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The moral urgency of Memorial Day

A rising generation must be taught its meaning


A soldier places flags in front of headstones at Arlington National Cemetery in Arlington, Va., on May 25. Associated Press/Photo by Andrew Harnik

The moral urgency of Memorial Day
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Today is Memorial Day, the day when we remember military personnel who lost their lives while defending our country.

Memorial Day is about the real cost of war, and wars have both shaped our history and secured our freedoms. Some of today’s parents, however, have concerns about talking with children about war, particularly in an era of lawless violence graphically reported on television news. Combine that with the strangely casual attitude our society has toward digitized killing in video games. Should we talk about war and military service with our children? The answer is “yes” and Memorial Day is a valuable place to start.

Memorial Day helps us rightly frame and honor those who have served us in harm’s way. It is important that we model for our children the right nomenclature for our warriors. Some people are called and uniquely equipped for public service in the armed forces. Thus our military personnel are “guardians,” “defenders,” and “protectors.” The same holds true for law enforcement. We should not mock our warriors as ‘jarheads’ nor demean our police with pejorative labels. We are talking about people who daily put themselves at risk, and on Memorial Day we are specifically honoring those who died protecting and defending something. That “something” is our lives, our livelihoods, and our way of life in America. We should make sure our children know this truth.

A second thing to talk about on Memorial Day is your own family story. In the case of my own family, there is no spectacularly heroic military story to tell, but there is a theme of faithful service. In each of the last great wars, when there was a call to service, the men of my family answered the call. My grandfathers answered the call during World War II, with one serving in a hospital in India with the Army Air Forces and another working in Navy shipyards in San Diego. My father, like many of the men of his generation, was drafted and reported for duty during the Vietnam War. I had an uncle who was wounded in Vietnam and a brother-in-law who served in the Marine Corps.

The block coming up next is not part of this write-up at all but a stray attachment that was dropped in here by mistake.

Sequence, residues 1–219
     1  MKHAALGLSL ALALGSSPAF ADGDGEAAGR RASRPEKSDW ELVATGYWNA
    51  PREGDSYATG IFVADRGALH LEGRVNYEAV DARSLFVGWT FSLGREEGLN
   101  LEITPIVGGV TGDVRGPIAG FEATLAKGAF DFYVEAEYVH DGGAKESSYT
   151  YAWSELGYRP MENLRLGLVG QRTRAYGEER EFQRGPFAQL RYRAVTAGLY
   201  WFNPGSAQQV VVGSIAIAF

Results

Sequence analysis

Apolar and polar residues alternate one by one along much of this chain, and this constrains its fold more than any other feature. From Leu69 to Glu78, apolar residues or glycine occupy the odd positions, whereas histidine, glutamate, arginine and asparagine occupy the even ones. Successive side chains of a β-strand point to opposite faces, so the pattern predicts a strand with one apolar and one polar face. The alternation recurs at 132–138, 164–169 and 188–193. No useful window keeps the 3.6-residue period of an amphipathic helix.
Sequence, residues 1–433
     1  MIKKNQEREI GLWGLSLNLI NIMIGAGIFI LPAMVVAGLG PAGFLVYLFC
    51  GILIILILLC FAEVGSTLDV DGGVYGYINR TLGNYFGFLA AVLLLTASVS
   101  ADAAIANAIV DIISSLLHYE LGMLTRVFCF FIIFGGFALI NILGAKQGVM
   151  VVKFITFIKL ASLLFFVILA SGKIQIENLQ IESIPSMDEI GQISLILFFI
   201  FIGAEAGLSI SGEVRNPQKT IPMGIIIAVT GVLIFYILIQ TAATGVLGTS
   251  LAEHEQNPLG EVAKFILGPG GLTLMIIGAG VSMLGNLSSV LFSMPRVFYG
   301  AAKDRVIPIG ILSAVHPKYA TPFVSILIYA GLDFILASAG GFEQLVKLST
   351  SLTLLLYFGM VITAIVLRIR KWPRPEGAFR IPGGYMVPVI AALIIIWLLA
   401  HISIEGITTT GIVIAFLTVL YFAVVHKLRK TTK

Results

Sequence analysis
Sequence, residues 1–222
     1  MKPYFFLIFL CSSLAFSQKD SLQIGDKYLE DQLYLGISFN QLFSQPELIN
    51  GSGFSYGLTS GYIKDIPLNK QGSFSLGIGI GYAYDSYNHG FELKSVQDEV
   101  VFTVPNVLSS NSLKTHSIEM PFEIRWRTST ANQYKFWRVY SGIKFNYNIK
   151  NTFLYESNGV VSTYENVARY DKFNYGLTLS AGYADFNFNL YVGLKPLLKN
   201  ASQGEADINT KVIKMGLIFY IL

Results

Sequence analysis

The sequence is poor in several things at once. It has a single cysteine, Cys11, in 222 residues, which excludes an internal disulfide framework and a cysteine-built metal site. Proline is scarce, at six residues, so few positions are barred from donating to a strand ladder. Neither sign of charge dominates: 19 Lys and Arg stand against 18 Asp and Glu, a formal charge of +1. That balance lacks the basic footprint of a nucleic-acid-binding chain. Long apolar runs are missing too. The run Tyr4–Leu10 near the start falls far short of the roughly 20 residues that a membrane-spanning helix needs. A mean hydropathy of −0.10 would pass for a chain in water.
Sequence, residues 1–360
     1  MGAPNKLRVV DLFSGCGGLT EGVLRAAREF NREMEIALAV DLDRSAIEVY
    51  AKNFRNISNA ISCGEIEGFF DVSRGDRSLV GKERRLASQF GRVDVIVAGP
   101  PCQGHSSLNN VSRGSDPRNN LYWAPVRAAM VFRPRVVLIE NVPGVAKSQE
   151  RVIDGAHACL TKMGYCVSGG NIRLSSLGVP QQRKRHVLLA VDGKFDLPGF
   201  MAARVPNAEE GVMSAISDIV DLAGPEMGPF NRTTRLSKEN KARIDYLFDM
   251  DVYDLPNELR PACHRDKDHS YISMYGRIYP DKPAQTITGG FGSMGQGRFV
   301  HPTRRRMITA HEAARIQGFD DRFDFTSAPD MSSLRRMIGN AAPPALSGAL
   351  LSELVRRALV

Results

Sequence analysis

The Bible teaches that “there is no greater love than that a man lay down his life for his friend.”

Thankfully, our family has not experienced battle losses, like so many surviving families, but it is nonetheless important for our children to know that military service was a part of our family history. Even if they did not pay the ultimate price, people in the armed forces are always in danger of being placed in harm’s way, either in training or in war. Thus, they represent an important truth from the Bible—self-sacrifice. The Bible teaches that “there is no greater love than that a man lay down his life for his friend.” The warriors who served under Gen. Washington, or as part of the American Expeditionary Force during World War I, or more recently in Iraq and Afghanistan, were prepared to lay down their lives.

The sacrifice by those who serve in our armed forces is a small glimmer pointing us to how love makes us willing to give everything to protect those we love and have the greatest sacrifice of all, that of Jesus. Christ’s death on the cross is the archetype of selfless sacrifice to save others, it is the ultimate good that other sacrifices point to. These are lessons that we should draw to the attention of our children.

Finally, every generation has those left behind on Memorial Day, for whom the observance is particularly painful as they recall a sibling, a parent, a child, or a comrade that they lost on a foreign battlefield. Memorial Day provides a vivid reminder for Christians to pray for the survivors. We must pray for peace and healing. Memorial Day may serve as a call to your church to seek ways to serve surviving veterans and surviving families, who bear the long-term costs of that loss.

Memorial Day symbolizes something very important for our nation, and that is the human cost of protecting and defending our people. It is entirely right for us to emphasize to our youth a sense of thanksgiving for those who have given their lives in military service as well as to pray and look for opportunities for support to those who survive the fallen.


Eric Patterson

Eric Patterson is president and CEO of the Victims of Communism Memorial Foundation in Washington, D.C., and past dean of the School of Government at Regent University. He is the author or editor of more than 20 books, including Just American Wars, Politics in a Religious World, and Ending Wars Well.


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